• 160. Telecom Billing Solutions 160automatically at x amount per month or the individual could pay their own costs,according to the wishes of the department. Figure 9.4: Prepaid and Postpaid Hierarchical BillingThe example shows the flexibility of hierarchical billing as the Finance department haschosen to set up its pre and postpaid accounts differently to the Sales department. Preand postpaid hierarchical billing does not have to be defined per level, but can bedefined by individual.Pre and postpaid hierarchical billing can also be used in a family environment. In thiscase a Father could have a postpaid account for all services and subordinate accounts,his wife and child could have a postpaid account for calls, and a prepaid account for nextgeneration services i.e. video and data downloads. If the wife or child needs more creditthen this would be debited from the Father’s postpaid account up to a pre-defined creditlimit. This helps the Father to control all costs. There are many combinations of how theaccount could be set up. © Copyright 2004, Sohag Sarkar, Symbiosis Institute of Telecom Management, Pune.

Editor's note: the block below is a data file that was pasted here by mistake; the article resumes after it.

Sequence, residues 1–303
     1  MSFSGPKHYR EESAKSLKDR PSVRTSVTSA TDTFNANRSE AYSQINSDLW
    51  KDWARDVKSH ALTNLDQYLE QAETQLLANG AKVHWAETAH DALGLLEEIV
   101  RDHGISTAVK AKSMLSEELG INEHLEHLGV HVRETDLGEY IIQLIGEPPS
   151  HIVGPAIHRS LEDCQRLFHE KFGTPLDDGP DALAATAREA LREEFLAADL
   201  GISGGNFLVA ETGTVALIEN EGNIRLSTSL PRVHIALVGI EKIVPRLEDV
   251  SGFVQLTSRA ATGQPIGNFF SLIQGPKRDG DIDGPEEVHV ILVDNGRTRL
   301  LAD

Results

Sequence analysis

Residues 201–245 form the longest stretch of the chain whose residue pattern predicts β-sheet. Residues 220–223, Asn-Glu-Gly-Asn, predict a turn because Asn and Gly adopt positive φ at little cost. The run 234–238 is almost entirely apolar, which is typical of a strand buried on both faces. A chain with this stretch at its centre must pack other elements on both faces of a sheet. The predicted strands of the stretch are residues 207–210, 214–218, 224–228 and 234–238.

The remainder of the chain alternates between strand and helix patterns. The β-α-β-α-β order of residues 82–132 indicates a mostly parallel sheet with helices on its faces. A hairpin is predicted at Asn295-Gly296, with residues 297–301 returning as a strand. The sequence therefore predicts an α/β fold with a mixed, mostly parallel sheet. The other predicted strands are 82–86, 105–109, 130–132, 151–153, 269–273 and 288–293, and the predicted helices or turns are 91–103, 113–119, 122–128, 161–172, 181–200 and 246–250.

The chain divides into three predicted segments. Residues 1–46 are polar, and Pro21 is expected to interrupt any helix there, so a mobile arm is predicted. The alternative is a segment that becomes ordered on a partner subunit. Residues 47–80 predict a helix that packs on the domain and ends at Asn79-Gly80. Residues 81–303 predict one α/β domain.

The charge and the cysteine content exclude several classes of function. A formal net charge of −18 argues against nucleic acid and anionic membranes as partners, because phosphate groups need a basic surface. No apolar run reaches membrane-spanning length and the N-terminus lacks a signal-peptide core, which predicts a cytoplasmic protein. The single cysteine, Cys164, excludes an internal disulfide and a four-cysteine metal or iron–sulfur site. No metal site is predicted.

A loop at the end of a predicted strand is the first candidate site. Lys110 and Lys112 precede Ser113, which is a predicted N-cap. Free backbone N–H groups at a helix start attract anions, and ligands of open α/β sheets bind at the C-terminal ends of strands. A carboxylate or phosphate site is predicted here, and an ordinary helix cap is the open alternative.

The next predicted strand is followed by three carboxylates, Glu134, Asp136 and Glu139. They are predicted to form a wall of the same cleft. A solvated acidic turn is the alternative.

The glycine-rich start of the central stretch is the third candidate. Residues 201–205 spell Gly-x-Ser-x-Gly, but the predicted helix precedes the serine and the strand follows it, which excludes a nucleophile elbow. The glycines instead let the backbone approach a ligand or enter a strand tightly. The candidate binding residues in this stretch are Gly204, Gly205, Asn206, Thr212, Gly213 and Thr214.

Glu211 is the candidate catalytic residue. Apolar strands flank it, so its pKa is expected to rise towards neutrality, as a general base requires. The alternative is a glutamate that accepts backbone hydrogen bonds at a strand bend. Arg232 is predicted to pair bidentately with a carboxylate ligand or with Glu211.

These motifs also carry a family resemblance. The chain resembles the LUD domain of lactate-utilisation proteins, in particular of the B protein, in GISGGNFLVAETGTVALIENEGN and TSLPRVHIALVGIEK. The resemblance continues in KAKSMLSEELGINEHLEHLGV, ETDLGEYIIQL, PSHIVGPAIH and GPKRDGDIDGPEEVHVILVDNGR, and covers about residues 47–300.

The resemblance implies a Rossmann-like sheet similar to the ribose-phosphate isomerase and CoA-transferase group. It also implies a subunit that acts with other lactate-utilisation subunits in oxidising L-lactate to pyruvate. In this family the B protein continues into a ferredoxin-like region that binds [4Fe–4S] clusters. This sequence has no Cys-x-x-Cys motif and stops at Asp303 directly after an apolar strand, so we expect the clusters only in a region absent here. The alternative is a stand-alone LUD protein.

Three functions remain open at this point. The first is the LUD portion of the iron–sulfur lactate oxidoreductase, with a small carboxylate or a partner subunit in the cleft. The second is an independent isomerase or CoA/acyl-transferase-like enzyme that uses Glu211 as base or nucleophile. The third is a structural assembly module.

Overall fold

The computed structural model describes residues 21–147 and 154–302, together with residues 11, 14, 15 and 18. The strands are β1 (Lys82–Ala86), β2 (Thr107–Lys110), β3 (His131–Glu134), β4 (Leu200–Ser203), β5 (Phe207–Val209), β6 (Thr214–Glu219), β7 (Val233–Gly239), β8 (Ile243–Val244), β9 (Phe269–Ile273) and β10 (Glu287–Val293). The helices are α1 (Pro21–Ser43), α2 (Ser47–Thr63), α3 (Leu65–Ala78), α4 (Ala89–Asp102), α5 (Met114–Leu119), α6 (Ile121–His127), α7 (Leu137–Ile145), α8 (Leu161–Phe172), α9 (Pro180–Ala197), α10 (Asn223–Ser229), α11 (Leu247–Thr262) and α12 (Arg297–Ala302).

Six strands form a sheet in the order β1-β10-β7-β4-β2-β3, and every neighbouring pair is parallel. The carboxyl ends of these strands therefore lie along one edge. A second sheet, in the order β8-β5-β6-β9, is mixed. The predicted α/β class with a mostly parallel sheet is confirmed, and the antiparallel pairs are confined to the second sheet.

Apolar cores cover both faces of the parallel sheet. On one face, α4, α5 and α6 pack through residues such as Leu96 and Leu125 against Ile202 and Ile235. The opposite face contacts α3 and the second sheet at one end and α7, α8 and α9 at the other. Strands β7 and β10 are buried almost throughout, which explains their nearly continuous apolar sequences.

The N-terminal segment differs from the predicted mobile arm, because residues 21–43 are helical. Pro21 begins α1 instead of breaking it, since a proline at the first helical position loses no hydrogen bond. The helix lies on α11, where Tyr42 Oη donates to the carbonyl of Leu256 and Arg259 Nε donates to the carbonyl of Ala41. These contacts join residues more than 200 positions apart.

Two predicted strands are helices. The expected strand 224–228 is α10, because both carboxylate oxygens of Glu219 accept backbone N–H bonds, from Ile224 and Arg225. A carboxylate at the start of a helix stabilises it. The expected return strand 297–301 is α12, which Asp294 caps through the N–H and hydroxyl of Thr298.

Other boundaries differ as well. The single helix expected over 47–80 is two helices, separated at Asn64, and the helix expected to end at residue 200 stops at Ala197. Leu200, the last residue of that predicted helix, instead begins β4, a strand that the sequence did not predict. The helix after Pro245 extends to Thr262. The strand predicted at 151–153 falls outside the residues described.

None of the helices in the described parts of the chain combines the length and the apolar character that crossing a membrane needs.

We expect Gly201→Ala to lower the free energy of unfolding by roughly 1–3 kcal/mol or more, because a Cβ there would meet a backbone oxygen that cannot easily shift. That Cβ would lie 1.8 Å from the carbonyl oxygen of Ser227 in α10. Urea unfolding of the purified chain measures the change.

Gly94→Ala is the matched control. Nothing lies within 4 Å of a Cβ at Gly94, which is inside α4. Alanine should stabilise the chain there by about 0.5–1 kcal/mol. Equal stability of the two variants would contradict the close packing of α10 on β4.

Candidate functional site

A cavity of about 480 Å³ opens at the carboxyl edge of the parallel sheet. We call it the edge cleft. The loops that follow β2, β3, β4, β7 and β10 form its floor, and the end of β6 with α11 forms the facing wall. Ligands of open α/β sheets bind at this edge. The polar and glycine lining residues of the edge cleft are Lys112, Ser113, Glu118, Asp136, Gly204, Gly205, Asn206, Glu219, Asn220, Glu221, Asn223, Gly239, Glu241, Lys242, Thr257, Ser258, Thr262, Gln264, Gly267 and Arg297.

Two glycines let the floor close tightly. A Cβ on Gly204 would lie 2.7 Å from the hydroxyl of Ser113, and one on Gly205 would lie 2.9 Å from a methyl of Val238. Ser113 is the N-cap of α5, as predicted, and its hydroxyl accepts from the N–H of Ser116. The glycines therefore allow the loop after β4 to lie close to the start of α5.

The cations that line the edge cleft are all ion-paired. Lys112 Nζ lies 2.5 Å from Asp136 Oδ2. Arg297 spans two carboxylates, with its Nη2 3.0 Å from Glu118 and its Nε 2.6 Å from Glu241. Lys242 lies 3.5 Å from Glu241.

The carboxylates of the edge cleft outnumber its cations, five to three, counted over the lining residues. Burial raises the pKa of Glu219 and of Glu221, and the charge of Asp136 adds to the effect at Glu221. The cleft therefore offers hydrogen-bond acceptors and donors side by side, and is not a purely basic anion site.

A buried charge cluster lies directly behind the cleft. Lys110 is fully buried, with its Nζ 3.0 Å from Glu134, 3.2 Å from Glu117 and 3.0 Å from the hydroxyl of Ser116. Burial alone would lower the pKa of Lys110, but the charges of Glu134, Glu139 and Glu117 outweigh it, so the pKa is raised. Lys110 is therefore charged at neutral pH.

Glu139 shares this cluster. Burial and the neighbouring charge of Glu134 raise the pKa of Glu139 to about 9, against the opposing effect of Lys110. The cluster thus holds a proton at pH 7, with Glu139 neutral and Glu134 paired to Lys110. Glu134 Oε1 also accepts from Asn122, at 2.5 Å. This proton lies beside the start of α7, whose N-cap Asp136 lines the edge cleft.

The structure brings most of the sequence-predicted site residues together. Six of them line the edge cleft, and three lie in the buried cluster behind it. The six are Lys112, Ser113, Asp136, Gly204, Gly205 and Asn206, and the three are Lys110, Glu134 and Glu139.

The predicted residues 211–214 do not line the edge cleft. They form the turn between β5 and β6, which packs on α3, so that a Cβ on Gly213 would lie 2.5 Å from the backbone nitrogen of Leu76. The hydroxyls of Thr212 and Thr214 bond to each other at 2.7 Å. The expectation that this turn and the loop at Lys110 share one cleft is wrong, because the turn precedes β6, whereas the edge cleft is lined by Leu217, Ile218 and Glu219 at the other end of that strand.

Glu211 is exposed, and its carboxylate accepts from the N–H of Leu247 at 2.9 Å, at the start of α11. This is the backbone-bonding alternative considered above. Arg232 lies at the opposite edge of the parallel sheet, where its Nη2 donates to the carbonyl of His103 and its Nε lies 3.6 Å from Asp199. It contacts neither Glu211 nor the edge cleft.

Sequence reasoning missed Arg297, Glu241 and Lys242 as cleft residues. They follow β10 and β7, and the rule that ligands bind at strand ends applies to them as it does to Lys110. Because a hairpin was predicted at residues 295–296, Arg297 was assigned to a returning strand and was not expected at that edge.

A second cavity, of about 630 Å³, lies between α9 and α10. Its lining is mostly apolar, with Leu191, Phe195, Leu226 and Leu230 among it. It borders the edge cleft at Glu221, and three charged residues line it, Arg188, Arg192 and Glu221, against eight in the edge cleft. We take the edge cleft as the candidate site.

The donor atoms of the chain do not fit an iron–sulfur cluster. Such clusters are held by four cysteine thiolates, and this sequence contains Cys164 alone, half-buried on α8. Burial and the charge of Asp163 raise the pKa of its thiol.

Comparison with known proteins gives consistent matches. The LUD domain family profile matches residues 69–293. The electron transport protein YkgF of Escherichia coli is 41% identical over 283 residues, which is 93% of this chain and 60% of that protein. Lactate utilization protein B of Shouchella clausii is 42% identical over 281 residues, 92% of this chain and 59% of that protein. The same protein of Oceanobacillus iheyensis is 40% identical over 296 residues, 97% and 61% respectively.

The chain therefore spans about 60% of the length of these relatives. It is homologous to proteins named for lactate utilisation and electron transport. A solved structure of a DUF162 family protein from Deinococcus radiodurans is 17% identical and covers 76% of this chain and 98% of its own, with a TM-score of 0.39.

• 161. Telecom Billing Solutions 161Operator ConsiderationsThe operators face many decisions and challenges with ‘Pre and Postpaid Convergence’,the major issue being how to perform rating.Near Real Time vs. True Real TimeNear real time can be described as an event that is rated after it happens, but notimmediately, whereas true real time is described as the rating of an event as it happens.The operator must realise that performing true real time rating will increase pressure onthe hardware platforms, especially with Next-Generation services, therefore, theoperators will incur higher costs to process all data in a 99.99% availabilityenvironment. The decision operators will need to make is whether to rate services innear real time or true real time. This may be influenced on the type of service, high risk(high price and cost) or low risk (low price and cost), and the type of customer, high risk(new prepaid customers with no history) and low risk (customers with good paymenthistory and profiles).It would not be good customer service to terminate a conversation or download due to alack of credit for a low risk customer, therefore, it may be better to allow the customerto complete their transaction and then recharge. It would also be worth consideringwhether true real time would need to be applied if a low risk user has selected a lowprice service. Operators will also need to be aware of the potential opportunity forfraudsters as subscribers can be allowed to run into negative balances.There are instances when true real time would need to be applied, apart from when theuser is a high risk customer, for example International Roaming, Gambling and otherHigh Risk Services. An operator may wish to receive money immediately from the user ifit had an agreement with a third party operator, which entailed that operator to receivepayment on transaction termination. © Copyright 2004, Sohag Sarkar, Symbiosis Institute of Telecom Management, Pune.